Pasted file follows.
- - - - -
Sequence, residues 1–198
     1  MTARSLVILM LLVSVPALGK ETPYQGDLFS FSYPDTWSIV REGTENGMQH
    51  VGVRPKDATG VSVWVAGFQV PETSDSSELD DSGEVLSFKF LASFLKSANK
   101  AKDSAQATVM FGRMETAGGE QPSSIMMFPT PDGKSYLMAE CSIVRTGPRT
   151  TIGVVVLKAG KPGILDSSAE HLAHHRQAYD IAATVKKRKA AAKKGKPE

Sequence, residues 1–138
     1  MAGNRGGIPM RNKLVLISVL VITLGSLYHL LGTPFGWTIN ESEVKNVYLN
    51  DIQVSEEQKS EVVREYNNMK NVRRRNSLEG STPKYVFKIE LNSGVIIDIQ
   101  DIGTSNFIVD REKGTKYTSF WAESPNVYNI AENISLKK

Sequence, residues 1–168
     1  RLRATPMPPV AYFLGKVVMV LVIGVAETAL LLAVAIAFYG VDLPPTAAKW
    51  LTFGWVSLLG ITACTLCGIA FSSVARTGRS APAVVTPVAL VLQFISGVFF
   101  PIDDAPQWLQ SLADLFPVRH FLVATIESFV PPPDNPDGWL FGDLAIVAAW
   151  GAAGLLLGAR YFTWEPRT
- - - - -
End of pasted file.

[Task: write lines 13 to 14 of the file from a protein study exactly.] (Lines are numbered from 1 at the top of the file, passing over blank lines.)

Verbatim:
   101  PIDDAPQWLQ SLADLFPVRH FLVATIESFV PPPDNPDGWL FGDLAIVAAW
   151  GAAGLLLGAR YFTWEPRT